Rafferty Law is now on the eve of his 18th birthday, and as I sit in the reception of Soho’s Select model agency waiting for him, I can’t help imagining Jude Law’s furrowed brow hanging over me with a touch of menace. I’m about to take his son’s interview virginity, so to speak, and as I’ve met both his parents on several occasions, I feel rather nervous — Dad is not exactly a fan of the press at the best of times, let alone when it concerns one of his young brood. Suddenly, a face pops up before me. Composed, with steel-coloured eyes and fine bone structure, it could belong to Jude circa 1994 in his breakthrough role in Paul WS Anderson’s Shopping (the film in which he fell in love with Rafferty’s mother) were it not that it is also so feline, a physical quality passed down from Frost.

He introduces himself as Raff and holds the lift for me as we make our way to a nearby café — his parents have done a good job on his manners. ‘I don’t really like the name Rafferty,’ he confides later in a gentle mockney accent, an updated version of his father’s. Law is witty, laid-back and open, not defensive as I was expecting. He is a little excited, though, because he turns 18 tomorrow and will finally be ‘legal’. A big night out with his friends is planned at Soho club The Box, as well as a family dinner at The River Café along with his girlfriend, former England rugby captain Lawrence Dallaglio’s daughter Ella; their burgeoning amour has been well-documented on Instagram of late (more on this to come).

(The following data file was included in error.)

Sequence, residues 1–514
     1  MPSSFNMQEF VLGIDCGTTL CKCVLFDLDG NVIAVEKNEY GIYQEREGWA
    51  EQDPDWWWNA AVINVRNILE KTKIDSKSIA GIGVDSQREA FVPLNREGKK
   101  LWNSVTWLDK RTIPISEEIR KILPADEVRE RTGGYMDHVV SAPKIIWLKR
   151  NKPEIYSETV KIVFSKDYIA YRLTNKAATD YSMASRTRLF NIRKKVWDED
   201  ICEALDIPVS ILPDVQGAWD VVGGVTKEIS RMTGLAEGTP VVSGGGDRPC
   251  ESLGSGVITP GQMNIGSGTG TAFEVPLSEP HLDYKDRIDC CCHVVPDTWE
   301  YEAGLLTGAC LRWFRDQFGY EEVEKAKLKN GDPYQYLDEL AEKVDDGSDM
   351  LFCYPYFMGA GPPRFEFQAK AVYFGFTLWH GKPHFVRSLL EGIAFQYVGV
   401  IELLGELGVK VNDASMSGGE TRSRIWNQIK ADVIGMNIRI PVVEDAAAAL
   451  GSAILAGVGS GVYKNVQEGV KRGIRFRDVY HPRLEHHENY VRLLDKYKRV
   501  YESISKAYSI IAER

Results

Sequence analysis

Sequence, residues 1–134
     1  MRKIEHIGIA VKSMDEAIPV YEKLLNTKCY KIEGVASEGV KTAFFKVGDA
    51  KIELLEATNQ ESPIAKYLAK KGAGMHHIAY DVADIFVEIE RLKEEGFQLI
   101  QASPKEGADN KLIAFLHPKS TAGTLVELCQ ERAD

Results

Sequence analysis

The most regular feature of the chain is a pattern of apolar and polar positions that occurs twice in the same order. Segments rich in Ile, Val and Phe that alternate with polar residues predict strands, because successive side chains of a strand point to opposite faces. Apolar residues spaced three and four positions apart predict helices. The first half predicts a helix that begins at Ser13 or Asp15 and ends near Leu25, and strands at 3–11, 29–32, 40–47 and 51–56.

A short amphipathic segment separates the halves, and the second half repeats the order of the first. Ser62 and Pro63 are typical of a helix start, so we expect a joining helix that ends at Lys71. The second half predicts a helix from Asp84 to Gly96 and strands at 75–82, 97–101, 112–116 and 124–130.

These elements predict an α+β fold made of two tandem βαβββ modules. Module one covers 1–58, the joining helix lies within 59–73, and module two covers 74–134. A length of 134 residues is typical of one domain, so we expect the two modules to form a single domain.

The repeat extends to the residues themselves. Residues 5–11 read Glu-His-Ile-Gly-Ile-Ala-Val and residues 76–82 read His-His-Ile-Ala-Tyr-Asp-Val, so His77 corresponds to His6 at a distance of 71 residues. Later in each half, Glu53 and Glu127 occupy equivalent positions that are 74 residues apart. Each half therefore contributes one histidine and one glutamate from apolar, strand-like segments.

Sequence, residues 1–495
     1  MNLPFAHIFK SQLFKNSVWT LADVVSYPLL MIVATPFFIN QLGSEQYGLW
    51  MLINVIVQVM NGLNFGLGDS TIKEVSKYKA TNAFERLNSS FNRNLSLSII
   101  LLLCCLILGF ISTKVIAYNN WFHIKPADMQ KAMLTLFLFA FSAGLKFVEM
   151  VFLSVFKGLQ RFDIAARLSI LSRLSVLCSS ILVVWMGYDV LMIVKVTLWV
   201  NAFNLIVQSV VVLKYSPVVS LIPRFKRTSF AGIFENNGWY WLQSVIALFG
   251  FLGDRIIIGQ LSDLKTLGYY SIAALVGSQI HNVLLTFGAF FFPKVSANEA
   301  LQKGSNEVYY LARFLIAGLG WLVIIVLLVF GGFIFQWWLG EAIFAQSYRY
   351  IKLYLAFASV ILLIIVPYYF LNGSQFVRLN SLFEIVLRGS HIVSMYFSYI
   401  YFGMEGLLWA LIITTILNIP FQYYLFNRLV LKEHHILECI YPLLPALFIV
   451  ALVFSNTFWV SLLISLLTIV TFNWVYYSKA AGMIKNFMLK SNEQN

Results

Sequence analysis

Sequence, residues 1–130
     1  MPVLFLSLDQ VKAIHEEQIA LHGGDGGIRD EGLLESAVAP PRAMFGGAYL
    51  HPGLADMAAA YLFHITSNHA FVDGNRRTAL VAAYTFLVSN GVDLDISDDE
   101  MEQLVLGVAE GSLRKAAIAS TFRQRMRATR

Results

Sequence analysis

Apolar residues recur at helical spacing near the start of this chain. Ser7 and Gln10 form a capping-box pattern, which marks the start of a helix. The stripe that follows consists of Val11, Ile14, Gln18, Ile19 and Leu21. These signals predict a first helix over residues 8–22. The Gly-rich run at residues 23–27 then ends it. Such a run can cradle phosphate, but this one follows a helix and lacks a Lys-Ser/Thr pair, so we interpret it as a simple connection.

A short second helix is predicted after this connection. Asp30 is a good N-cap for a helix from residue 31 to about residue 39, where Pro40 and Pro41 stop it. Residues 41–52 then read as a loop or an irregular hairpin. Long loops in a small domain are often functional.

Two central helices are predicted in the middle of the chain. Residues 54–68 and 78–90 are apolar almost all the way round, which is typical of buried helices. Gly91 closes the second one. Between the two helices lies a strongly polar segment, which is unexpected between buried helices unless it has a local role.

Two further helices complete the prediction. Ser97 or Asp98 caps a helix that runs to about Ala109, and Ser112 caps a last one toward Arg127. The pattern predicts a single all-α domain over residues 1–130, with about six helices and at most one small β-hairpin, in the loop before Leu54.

There are even more reasons for Law to be energised. He recently made his fashion debut as a model for DKNY, and Tiger of Sweden, as well as appearing in the pages of British Vogue. More importantly to Law, his band The Dirty Harrys — which he founded a year and a half ago with his best friend Marley Mackey, son of Pulp’s bassist Steve and stepson of Love magazine editor Katie Grand — are now playing regular gigs around London. Blur and The Clash are his biggest musical inspirations. Luckily for Law the Younger, these bands are not just distant guitar heroes. ‘I did work experience for Blur for two weeks when they were rehearsing for their reunion gig, because Damon [Albarn] is really good friends with my dad. I tuned their guitars and stuff,’ he says. He also knows Paul Simonon, The Clash’s erstwhile bass player. ‘He’s such a lovely guy. I know his sons Louis and Claude from around.’ Cora Corré, the daughter of Agent Provocateur founders Serena Rees and Joe Corré (whose parents are punk mavericks Vivienne Westwood and the late Malcolm McLaren), is one of Law’s best friends. ‘She has the coolest family, but she never talks about it. She’s so over it,’ he laughs fondly.